In short order with a little finish filing and sanding the blank looked a lot like a guitar bridge, close enough that I used it to mark its future home on the guitar top for masking. Still though, I had a couple of tricky moves to complete.

The bridge glues to the guitar top, its function is to connect the strings and transmit their vibrations to that top. It has a narrow bone or plastic “saddle” installed in a angled grove as the last point of string contact before their barreled ends drop though the bridge pin holes to be secured by the bridge pins. The saddle is set at this angle to accommodate the differing amounts of force needed to push either thin treble strings or thicker bass strings down to the fretboard. More force equals more tension equals a higher pitch. The angle compensates for the differences and its geometry needs to be precise.

Setting this move up stopped me cold for a couple of days. Pro shops have “dedicated” aluminum jigs to make bridge milling quick and repeatable. They also use small electric routers. I wanted to do this with hand tools of course, and I was stuck until I viewed a Rex Krueger “Workbench Series” interview with master woodworker Garrett Hack about making and using “scratch stocks”.

The Gramil with the scraper end protruding down from the silver bar

A scratch stock is a cutting profile hand filed from a piece of thin carbon steel, like an old saw blade, set in a wooden handle with a slot to hold the cutter and a set screw to lock it in position. Its a very similar tool to the “gramil” I used to cut the binding channels on the guitar body. I had already ground a scraper end on the gramil blade and used it to scrape a narrow groove at the bottom of the channels. This scraper end was narrower than the saddle groove, but if I could make the right jig I could scrape a groove and then adjust the cutter over a skosh to widen it to the right dimension.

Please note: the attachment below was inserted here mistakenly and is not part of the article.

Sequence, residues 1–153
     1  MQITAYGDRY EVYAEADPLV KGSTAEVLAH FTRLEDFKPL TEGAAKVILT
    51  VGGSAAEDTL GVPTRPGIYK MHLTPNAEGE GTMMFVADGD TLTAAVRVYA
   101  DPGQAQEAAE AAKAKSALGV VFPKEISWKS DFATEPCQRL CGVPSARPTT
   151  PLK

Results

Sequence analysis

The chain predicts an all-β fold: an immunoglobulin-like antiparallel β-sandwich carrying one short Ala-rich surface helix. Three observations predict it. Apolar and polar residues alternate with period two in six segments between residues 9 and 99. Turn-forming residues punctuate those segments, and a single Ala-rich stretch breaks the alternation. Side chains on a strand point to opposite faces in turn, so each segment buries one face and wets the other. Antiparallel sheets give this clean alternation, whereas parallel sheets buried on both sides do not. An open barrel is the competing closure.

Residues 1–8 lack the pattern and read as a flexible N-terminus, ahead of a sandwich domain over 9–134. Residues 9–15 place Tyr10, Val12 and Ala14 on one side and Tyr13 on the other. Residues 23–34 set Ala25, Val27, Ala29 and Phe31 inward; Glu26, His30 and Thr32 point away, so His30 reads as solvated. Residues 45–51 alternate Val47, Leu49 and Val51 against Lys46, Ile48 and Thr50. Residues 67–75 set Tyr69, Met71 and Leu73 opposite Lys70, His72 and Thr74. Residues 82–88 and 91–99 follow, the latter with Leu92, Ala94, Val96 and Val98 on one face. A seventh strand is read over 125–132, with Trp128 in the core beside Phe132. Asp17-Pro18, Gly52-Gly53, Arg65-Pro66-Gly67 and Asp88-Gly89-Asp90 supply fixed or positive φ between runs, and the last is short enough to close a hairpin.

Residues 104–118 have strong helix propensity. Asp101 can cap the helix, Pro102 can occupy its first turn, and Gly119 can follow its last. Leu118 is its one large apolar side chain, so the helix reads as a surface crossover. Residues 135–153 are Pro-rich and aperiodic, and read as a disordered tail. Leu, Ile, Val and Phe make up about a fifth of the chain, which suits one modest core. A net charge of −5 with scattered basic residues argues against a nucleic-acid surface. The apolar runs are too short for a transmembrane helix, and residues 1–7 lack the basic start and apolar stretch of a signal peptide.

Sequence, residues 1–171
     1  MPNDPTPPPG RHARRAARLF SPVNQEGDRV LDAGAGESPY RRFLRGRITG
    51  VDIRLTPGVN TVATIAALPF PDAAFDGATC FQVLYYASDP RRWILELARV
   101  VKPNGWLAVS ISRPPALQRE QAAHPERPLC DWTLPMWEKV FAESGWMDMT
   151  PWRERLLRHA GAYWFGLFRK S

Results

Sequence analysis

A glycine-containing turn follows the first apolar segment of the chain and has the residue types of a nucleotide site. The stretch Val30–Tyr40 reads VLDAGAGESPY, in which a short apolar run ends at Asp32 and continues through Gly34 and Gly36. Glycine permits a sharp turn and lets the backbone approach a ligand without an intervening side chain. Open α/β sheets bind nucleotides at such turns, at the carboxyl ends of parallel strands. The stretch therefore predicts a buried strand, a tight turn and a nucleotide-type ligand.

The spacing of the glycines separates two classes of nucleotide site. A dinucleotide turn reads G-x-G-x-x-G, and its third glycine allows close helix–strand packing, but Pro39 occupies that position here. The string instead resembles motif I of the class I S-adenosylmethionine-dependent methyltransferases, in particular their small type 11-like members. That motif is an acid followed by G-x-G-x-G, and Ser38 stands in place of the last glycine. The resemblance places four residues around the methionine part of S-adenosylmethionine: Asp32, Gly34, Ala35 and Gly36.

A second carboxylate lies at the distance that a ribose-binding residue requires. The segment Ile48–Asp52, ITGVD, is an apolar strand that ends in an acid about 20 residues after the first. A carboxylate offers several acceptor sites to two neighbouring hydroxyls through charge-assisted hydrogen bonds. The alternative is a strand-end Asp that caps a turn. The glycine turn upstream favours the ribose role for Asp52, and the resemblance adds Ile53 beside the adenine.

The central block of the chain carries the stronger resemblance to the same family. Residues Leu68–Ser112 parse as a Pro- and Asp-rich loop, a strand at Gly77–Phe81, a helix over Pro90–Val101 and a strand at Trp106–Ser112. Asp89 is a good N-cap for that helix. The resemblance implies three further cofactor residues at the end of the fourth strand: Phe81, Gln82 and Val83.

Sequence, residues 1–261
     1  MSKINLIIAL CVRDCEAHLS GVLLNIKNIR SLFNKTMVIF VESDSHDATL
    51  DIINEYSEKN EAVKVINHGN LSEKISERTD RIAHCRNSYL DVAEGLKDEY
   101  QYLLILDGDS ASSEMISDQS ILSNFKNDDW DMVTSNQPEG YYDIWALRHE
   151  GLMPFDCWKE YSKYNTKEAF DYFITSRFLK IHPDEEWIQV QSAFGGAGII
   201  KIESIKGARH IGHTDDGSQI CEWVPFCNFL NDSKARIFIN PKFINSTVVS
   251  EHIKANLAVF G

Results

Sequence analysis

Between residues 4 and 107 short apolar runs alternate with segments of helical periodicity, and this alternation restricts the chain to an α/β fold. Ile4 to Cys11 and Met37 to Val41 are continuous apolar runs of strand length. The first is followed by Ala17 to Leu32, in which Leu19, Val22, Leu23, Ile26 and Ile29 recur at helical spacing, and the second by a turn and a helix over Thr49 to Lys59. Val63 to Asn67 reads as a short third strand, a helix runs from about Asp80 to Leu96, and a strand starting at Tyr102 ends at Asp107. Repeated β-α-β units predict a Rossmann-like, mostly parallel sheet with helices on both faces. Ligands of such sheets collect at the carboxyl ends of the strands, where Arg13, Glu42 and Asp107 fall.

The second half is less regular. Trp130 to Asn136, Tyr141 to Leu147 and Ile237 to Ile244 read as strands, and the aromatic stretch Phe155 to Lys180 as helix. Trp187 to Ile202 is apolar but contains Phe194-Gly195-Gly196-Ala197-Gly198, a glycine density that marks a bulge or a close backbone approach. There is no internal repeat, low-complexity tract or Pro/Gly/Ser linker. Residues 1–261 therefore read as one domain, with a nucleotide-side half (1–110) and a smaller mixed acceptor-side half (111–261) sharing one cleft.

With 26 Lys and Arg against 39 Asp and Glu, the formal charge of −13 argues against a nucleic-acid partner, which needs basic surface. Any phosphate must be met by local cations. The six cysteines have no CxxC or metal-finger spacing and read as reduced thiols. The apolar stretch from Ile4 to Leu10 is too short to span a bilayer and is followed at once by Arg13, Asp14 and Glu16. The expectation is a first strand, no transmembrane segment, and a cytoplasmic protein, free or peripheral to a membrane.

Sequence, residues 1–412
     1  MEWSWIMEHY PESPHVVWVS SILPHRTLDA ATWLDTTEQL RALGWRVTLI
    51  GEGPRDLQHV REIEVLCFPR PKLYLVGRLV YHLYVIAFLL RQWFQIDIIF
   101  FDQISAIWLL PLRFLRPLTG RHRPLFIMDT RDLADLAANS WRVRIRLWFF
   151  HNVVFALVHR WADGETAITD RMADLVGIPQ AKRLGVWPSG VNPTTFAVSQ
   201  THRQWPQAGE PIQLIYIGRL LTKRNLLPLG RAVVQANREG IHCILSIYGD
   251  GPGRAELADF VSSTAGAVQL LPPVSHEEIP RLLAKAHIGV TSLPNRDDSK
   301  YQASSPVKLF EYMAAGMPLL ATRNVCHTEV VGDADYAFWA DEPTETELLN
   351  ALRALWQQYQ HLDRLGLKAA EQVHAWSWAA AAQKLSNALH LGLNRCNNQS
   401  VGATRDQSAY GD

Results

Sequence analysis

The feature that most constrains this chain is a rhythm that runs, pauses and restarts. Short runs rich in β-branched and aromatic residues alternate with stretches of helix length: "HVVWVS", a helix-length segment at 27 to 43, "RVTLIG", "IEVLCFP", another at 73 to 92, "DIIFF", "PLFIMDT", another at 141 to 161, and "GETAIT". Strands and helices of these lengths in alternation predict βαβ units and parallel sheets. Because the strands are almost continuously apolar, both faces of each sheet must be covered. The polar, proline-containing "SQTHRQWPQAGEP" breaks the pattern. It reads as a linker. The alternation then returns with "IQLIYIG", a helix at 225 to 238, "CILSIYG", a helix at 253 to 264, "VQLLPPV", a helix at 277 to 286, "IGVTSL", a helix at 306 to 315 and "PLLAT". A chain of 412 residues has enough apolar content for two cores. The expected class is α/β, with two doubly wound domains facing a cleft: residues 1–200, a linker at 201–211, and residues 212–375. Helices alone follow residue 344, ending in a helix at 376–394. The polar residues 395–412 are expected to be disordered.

But how to set up the jig? Back to YouTube of course, and I found one luthier using 1/4" bolts, wide “fender washers”, and wing nuts to secure his bridge blank for routing. This was a great start, but then the question, how to set up a guide fence to direct my gramil cutter precisely along the angled groove I had laid out on the blank. I came up with this;

I have drilled a piece of 3/4" plywood for the 1/4" carriage bolts onto which the washers and wingnuts are threaded, then screwed that piece to a wider piece of plywood, wide enough to both clamp down to my bench and hold a tapered piece of pine up against the flat edge of the bridge blank. I have hand milled the pine to the thickness of the first piece of ply plus the thickness of the bridge blank and tapered it the desired angle of the saddle slot.

I then drilled two “stop holes” at the ends of the slot, (you can see one just above the silver rod that holds the cutter) honed up the scraper end of the blade, and carefully scraped my way down to depth, pulling thin curls of rosewood as I carved my way down. I carefully measured the protrusion of the cutter as I worked, ending with that protrusion at finish depth, then oh so carefully extending the cutter head to the full desired width of the groove and working down again.

I have marked the location for the bridge pin holes, as you can see in the title picture, and will drill them with the blank held in the jig before I file the same radius as is on the fret board onto the top of the bridge blank. After sanding the dome radius of the top onto the underside of the bridge it will be ready to glue to the guitar top, assuming I ever get the finish on that top right, which is another story;)



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John Griswold

John Griswold

Master carpenter, watercolor artist and beat up old jock…owned by Black Lab Bo who considers two tennis balls a minimum mouthful